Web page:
Friday, June 08, 2012
Hendrik Birus on the acheology of 'humanism'.
The very first text of Heidegger's which I happened to read after my escape to the West -- his Letter on 'Humanism' (1946) -- taught me that there is more than empty phrases to the relationship between "humanism" and Marxism. For it is no accident that Heidegger begins with Marx, though he departs from this starting point almost immediately, for a brief glance at "Christian humanism" and lands with a giant step in the age of the Roman Republic. The common ground that Heidegger finds in all these humanisms is "'the concern [Sorge]' [...] that man be drawn back into his essence [ Wesen]; for that is humanism: care and concern that man be human rather than 'inhuman,' which is to say outside his own essence. But what constitutes man's humanity?" Marxian humanism finds it in the identity between natural man and social man, Christian humanism in humanitas as opposed to deitas, Roman humanism in the contrast between homo humanus and homo barbarus.

Here Heidegger simply follows classical philologists like Werner Jaeger, when he locates a "first humanism" in ancient Rome -- thus departing from the usual textbook pattern: "humanism" in the Renaissance; "neo- humanism" in the philohellenism of the 18th and 19th centuries; and, in some cases, a "third humanism" in the 1920s and 30s. Fundamental to Roman humanism, Heidegger suggests, was the elevation and ennoblement of "virtus [...] through the 'incorporation' of paideia adopted from the Greeks" in the form of "eruditio et institutio in bonas artes"; further on Heidegger calls this process "translation." Renaissance humanism, he indicates, only repeated this process, but the "inhuman" element was now the "supposed barbarism of Gothic medieval scholasticism." He continues: "Humanism, understood historically, must always include a studium humanitatis, which specifically recalls the culture of antiquity and thus invariably turns into a revival of ancient Greece." It must be noted that Heidegger is speaking here of the "late Greek antiquity," and then only as witnessed from a Roman perspective.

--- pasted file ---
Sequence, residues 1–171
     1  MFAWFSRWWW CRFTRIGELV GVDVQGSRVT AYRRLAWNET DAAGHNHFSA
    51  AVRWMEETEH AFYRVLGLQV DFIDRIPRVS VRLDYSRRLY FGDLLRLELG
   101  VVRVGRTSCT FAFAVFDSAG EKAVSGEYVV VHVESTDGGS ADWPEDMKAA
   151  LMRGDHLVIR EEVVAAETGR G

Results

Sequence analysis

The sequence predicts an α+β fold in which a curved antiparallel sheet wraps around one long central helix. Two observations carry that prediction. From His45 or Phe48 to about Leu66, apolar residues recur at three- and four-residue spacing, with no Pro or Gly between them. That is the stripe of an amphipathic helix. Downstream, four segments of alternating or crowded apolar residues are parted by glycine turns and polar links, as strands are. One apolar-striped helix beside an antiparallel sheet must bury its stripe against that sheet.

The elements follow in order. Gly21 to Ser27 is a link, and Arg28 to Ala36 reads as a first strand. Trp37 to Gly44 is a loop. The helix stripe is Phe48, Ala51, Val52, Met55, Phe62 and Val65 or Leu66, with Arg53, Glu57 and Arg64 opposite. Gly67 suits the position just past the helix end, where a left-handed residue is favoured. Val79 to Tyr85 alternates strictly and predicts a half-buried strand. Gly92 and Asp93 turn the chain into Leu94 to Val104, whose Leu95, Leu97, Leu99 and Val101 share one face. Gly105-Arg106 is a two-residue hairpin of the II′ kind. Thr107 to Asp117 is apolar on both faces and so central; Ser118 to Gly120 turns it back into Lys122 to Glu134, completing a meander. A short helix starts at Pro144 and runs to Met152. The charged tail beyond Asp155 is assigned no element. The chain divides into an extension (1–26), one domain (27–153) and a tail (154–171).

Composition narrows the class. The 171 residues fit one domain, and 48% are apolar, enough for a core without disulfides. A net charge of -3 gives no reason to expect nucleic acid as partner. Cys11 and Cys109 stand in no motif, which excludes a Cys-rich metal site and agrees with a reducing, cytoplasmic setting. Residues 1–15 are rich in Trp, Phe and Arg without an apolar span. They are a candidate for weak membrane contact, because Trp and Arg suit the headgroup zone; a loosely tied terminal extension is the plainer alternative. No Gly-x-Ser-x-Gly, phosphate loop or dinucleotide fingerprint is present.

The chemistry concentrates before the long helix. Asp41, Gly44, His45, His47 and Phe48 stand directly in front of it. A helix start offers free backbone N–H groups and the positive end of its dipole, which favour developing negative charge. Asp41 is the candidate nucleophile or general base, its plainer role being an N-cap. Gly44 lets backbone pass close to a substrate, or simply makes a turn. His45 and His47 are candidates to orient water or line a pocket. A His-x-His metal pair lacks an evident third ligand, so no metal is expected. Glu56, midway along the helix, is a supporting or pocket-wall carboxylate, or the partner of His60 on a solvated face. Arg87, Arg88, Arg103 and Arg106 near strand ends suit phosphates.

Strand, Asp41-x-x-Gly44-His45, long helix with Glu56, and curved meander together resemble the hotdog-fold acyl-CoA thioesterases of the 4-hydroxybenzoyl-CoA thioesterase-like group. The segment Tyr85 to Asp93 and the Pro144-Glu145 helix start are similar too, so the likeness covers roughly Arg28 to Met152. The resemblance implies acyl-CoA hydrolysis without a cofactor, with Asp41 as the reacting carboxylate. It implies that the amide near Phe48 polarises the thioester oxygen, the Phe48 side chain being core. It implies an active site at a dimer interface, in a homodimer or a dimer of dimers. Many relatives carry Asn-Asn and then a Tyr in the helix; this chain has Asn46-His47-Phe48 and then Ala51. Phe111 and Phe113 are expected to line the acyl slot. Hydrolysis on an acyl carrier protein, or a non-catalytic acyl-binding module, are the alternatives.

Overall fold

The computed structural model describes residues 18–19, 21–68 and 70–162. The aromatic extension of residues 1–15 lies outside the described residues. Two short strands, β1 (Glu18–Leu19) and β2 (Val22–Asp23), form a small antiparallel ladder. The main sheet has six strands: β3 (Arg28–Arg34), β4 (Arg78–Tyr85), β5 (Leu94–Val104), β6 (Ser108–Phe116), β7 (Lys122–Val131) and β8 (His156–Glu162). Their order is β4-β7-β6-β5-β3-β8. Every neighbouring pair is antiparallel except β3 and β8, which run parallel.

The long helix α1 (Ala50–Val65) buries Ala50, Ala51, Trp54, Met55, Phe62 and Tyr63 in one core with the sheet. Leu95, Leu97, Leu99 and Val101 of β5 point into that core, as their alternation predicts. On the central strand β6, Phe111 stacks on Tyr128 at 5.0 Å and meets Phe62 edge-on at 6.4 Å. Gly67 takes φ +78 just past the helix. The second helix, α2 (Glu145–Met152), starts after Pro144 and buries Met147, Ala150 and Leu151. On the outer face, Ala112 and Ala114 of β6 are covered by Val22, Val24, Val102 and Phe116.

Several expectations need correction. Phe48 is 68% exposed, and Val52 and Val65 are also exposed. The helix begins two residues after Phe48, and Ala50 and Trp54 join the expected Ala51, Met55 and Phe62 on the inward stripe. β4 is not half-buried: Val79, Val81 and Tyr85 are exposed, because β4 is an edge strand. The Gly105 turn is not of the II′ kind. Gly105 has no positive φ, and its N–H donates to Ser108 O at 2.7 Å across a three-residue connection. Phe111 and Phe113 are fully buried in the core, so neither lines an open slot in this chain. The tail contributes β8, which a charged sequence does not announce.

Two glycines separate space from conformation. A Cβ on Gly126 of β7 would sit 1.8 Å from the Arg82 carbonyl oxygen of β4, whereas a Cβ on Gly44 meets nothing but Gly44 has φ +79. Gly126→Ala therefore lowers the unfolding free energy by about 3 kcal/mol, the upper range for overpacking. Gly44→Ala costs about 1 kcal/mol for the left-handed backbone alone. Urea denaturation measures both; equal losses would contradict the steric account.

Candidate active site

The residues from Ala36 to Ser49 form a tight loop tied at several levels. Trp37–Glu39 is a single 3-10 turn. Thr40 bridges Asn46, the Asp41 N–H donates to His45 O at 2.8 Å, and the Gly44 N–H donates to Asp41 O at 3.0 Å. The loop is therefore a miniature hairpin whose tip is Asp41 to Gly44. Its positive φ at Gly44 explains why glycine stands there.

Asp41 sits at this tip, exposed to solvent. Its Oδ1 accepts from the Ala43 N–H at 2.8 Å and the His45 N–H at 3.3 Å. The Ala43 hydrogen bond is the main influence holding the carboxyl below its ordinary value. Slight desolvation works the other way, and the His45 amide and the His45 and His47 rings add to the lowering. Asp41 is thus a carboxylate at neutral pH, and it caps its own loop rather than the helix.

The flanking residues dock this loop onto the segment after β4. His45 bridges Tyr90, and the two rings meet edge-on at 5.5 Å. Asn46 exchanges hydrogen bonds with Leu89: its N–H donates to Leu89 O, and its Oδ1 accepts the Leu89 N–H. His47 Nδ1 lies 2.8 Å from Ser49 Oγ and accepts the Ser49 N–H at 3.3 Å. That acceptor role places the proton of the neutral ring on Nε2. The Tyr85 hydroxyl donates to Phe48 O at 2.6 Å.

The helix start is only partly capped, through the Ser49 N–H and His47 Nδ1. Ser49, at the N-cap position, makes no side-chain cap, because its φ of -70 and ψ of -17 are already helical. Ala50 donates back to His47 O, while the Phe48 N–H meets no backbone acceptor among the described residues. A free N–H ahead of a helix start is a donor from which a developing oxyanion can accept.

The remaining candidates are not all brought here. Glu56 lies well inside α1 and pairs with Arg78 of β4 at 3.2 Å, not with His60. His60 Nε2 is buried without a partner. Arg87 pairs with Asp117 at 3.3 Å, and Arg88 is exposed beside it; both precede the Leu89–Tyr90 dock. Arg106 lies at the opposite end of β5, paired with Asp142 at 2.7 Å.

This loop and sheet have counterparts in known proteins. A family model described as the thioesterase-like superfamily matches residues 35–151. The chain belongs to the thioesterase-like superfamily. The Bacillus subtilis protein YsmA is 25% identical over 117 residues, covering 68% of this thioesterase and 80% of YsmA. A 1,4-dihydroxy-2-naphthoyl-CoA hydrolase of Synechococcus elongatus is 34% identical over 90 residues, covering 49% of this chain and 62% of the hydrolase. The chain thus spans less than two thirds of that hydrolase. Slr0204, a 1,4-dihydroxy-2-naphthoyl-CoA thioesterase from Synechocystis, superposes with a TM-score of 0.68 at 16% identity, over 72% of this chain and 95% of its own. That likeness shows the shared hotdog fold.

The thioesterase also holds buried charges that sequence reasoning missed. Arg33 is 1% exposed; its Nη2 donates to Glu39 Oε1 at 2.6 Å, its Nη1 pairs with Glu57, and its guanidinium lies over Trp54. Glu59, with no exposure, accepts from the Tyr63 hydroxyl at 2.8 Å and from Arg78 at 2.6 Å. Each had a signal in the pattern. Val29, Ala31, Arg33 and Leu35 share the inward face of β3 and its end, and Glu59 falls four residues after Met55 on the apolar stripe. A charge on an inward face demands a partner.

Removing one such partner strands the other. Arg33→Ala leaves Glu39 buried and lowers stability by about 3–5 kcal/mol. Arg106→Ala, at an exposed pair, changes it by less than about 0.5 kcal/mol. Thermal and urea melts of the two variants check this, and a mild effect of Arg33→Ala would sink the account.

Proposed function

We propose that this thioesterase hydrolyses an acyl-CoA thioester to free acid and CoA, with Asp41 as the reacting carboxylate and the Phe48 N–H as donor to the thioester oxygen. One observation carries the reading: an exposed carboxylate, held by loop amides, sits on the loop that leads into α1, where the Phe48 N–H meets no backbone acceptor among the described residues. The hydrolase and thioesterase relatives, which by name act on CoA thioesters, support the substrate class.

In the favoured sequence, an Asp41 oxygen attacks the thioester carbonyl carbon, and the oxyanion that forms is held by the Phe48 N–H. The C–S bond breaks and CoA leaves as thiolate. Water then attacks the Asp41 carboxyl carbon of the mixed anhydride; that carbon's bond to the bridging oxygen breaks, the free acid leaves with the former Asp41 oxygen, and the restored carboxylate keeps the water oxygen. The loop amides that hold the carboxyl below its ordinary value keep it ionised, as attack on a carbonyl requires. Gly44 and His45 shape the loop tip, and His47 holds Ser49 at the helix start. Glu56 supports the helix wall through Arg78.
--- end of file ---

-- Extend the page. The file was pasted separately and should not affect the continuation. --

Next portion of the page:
As Heidegger concedes, however, "humanism" can also be understood more broadly as an "endeavor to render man free for -- and to find dignity in -- his humanity [Menschlichkeit]." In this sense, "Marxian humanism" has no more need of taking its clue from antiquity than do Christian humanism or the "humanism with which Sartre identifies existentialism".
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